Right from the Akhlaq’s lynching to the latest case of Tabrez Ansari’s lynching, in majority of these cases the accused are a part of BJP or enjoy impunity due to BJP’s support. In the Dadri lynching case, involving 18 accused, one of the prime accused Hariom Sisodia, after being released on bail in October, 2017 had clearly said how BJP had promised to save them from any legal tussle but then failed to do so. He had said, “The BJP leaders said that we will ensure justice, we will make sure you are financially okay, and we will get you jobs. But they did nothing. I’m unemployed. The main thing was ‘case wapas ho jayega’, but that has not happened yet.” Further, Mahesh Sharma, a Union Minister and Lok Sabha lawmaker from Gautam Budh Nagar, attended the funeral of Ravi, Sisodia’s cousin, the 18th accused, who died in police custody in October 2017. Another accused, Vishal Singh, son of a local BJP leader Sanjay Rana, was seen in a BJP rally, addressed by the UP CM, Yogi Adityanath, in Bisada village in Greater Noida on March 31, 2019. In fact, in a brazen show of support, the Dadri BJP MLA, Tejpal Singh Nagar, had promised jobs to all the accused in the National Thermal Power Corporation, Dadri on contract basis.
Take the Alwar lynching case of 2017, where a 55-year old Muslim dairy farmer, Pehlu Khan and his four sons were returning from Jaipur after purchasing a cattle and were stopped by a mob of self-appointed cow vigilantes. Despite showing relevant documents, Khan was beaten to death in Alwar, Rajasthan. The six accused were said to be affiliated to the Vishwa Hindu Parishad (VHP), the youth wing of the Rashtriya Swayamsevak Sangh (RSS). Shockingly, the then Union Minister, Mukhtar Abbas Naqvi, denied the reports and said, “No such incident took place as described by opposition in the house.”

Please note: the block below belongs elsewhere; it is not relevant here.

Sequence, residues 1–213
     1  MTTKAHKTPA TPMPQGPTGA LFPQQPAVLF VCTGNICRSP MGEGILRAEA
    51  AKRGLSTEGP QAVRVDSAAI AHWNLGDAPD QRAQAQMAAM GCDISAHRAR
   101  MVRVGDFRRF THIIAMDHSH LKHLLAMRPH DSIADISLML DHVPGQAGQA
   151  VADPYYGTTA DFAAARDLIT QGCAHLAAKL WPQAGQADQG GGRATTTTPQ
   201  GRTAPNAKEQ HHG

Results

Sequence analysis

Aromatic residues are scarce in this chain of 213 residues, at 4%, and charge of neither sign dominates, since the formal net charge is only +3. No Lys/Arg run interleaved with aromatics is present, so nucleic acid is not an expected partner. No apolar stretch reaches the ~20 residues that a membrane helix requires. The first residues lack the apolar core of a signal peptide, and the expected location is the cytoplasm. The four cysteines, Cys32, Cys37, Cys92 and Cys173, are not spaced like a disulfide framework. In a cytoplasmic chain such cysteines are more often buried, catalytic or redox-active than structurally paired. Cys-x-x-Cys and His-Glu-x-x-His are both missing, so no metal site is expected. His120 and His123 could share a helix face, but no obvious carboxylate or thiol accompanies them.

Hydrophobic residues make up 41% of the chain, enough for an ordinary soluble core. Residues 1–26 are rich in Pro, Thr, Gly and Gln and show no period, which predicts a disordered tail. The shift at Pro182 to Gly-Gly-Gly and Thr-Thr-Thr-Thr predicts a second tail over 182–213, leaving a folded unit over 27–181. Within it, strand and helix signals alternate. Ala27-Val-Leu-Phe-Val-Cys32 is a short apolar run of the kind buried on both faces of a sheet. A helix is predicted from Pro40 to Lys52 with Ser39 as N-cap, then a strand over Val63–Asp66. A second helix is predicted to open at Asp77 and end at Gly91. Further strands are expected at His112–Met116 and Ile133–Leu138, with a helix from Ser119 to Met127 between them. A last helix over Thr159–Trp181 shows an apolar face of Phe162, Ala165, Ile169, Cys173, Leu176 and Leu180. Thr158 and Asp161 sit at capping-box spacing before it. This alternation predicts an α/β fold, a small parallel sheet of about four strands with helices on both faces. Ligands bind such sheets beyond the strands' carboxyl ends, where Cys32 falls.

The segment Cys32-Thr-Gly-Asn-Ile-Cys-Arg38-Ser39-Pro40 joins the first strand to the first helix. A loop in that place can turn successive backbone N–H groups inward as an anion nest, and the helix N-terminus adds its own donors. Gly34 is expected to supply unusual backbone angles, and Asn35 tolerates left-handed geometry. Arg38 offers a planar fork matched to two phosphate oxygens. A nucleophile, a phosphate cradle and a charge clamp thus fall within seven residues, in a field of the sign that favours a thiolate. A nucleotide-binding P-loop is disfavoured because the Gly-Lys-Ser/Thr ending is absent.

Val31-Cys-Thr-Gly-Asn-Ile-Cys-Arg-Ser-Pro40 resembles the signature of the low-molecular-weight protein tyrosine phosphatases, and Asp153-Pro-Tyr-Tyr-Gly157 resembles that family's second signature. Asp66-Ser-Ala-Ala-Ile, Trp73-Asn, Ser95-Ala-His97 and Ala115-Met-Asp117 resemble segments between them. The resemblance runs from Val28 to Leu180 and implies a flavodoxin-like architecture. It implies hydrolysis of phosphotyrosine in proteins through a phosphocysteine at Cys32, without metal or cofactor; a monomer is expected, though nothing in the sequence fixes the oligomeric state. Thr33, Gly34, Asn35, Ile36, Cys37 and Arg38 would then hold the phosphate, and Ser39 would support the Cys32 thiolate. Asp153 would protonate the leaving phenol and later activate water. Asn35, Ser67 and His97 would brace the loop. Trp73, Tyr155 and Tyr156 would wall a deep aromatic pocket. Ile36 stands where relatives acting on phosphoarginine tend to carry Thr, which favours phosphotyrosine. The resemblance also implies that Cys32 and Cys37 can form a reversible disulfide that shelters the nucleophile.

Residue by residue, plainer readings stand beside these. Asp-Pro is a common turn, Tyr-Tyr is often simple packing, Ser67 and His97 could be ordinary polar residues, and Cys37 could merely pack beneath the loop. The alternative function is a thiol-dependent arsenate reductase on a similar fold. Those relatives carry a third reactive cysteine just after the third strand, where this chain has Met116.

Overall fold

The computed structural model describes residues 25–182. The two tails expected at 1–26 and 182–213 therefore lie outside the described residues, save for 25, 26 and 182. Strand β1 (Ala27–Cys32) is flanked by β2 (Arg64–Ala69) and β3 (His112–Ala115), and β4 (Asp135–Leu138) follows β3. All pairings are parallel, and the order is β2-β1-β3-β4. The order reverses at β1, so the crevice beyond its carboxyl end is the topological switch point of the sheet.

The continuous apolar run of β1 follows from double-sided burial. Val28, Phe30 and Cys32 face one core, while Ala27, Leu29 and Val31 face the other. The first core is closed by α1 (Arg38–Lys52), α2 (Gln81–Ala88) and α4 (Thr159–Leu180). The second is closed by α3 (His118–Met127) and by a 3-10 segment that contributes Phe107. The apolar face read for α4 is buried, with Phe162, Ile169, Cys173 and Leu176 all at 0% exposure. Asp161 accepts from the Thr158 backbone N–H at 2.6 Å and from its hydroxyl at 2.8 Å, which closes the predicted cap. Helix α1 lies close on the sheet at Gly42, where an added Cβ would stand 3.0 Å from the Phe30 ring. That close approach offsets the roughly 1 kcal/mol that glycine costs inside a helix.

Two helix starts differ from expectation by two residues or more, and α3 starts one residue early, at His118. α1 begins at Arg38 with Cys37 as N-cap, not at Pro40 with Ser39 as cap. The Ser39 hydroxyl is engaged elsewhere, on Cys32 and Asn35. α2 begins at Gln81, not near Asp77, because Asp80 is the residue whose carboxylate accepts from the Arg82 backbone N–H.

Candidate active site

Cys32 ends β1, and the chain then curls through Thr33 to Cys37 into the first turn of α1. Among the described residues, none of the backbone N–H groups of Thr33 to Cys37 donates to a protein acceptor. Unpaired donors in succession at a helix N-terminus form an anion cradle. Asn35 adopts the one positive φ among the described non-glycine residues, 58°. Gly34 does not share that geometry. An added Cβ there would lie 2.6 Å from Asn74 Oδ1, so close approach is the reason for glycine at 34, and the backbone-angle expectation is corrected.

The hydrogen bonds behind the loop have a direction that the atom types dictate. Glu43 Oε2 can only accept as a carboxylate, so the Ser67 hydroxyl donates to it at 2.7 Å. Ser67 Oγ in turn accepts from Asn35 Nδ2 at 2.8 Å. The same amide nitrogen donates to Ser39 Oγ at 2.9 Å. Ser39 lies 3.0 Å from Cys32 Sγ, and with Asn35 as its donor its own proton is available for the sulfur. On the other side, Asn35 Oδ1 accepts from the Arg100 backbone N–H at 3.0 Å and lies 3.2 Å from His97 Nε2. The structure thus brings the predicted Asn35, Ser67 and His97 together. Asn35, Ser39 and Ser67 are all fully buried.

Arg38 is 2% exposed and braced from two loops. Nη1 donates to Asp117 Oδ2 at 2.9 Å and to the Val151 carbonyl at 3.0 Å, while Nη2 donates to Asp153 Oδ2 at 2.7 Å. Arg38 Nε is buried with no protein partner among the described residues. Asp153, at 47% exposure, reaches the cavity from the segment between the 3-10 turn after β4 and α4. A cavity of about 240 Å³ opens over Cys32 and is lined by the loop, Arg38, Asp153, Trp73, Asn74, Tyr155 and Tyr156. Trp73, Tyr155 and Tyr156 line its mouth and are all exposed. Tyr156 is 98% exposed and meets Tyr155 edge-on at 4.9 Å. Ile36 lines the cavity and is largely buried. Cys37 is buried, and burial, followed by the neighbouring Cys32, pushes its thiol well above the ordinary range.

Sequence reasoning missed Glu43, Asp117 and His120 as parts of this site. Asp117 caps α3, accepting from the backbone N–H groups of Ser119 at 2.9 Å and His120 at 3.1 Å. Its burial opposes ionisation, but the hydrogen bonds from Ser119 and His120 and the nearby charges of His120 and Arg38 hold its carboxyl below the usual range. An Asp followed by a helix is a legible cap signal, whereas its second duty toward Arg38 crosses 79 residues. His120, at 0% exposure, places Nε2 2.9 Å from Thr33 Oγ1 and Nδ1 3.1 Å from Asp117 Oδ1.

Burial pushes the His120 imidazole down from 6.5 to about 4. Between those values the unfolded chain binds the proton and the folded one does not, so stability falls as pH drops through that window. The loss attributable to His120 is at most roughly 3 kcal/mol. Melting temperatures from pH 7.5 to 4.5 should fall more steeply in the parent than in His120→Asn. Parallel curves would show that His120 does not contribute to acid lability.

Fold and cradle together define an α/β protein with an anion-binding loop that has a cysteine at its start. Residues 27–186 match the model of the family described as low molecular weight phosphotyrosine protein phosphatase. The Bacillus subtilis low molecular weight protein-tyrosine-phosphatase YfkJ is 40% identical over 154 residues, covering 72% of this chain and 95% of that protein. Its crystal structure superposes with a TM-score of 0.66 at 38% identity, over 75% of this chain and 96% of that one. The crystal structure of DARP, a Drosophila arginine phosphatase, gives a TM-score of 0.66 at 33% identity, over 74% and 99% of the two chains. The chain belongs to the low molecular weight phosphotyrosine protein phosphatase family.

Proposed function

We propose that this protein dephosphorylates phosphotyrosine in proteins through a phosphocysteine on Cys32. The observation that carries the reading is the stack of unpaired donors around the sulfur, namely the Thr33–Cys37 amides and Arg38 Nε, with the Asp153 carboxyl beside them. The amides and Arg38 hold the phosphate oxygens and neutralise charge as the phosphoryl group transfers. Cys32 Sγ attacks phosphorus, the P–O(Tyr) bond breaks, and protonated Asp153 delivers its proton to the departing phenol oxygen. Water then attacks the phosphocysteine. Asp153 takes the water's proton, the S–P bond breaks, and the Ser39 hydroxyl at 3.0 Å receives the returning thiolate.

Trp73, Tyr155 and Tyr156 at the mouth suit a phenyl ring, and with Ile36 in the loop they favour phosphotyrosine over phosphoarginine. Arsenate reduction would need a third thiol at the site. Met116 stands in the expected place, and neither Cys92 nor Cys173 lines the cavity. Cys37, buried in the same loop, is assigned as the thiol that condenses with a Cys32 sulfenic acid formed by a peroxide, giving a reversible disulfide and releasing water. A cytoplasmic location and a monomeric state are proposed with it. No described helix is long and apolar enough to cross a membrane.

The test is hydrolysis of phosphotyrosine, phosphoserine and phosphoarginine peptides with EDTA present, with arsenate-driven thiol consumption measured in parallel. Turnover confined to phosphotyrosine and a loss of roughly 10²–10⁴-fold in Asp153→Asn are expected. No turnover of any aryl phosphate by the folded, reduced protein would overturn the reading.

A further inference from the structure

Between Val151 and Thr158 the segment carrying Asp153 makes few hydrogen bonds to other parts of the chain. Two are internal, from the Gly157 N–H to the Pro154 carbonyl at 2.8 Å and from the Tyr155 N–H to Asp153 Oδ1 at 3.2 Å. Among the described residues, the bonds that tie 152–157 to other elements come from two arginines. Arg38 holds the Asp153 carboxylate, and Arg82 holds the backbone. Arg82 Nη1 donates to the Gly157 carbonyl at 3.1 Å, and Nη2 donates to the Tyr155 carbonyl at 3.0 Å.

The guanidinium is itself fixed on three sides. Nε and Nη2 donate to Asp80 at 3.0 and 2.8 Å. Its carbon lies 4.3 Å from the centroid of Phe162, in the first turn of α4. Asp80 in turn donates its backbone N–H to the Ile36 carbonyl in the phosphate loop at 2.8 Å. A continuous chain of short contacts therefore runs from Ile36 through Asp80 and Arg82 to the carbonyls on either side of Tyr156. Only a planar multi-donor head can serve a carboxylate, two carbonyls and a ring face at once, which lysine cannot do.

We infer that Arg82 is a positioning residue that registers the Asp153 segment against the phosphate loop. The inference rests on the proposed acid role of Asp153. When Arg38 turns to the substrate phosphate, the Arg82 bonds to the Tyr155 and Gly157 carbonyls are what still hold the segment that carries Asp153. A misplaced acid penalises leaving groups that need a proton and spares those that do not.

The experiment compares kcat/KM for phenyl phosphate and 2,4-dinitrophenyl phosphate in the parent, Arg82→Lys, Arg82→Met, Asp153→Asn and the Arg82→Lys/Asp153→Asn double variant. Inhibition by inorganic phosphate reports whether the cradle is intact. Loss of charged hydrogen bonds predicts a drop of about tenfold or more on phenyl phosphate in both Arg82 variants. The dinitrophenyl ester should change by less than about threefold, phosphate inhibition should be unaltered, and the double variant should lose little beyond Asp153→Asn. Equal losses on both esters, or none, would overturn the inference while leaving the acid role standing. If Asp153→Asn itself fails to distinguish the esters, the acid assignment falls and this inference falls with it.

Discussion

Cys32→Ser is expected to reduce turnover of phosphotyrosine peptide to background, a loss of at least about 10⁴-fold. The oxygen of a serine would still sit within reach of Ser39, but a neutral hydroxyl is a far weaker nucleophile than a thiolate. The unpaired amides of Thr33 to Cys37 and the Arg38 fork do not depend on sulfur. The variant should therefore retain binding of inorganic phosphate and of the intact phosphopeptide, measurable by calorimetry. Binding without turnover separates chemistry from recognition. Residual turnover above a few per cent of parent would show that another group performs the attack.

In June 2018, Mohammad Qasim (38), a cattle trader, was lynched to death and Samsuddin (65) brutally assaulted in Hapur, UP over rumours of cow slaughter. The key offender, Yudhistir Singh Sisodia, claimed responsibility for this act and also warned of similar consequence to others. In a sting operation conducted by NDTV, he blatantly said “Meri fauj tayaar hai. Koi gaaye kaate, s*** mai usko katwaa denge, s*** ko khade khade. Hazaar baar jail jaana pade jaayenge (My army is ready. If anyone slaughters a cow, we will kill them and go to jail a thousand times).” One wonders how he found the courage to say all this without the fear of any legal consequences? Was he sure of getting a bail? How did he get to enjoy the sense of impunity?
Cut to the recent lynching case in Jharhand, the key accused Pappu Mandal’s Facebook profile reveals his Hindutva ideology as well as his connection with or aspiration to connect with the BJP. In a December 8, 2014 post, Mandal uploaded a photo with the BJP sash and captioned it as ‘BJP.’ Further, on March 26, 2018 he uploaded a photo with a sword and captioned it ‘Jai Shri Ram.’ Notably, Ansari was forced to chant ‘Jai Shri Ram’ and ‘Jai Hanuman’ when he was being assaulted by Mandal and his goons.
Similar Modus Operandi and profiles of the accused:
Consider any mob lynching case and one will find a similar ‘modus operandi’ in majority of these cases along with a similar profile of the accused. Our analysis has revealed that whenever such an incident takes place, the victims are in transit in relatively remote areas and are suddenly and violently attacked by an angry mob, leaving them helpless and in no position to defend themselves. Even when the victims plead for their lives, the mobs are so “enraged”, that they refuse to even consider hearing them out. Further, as mentioned earlier, these attacks are the result of rumours in the villages, of the victim indulging in cow slaughter or being a childlifter. Strikingly, the attacks worsen as soon as the perpetrators come to know about the religious identity of the victims (mainly Muslims) and are then forced to say ‘Jai Shri Ram.’ Usually, the perpetrators asks the names of the victims, mostly to know their religious identity, especially in cases where the physical appearance (like a beard and a cap) doesn’t reveal it. The same thing happened in the recent lynching case of Tabrez Ansari.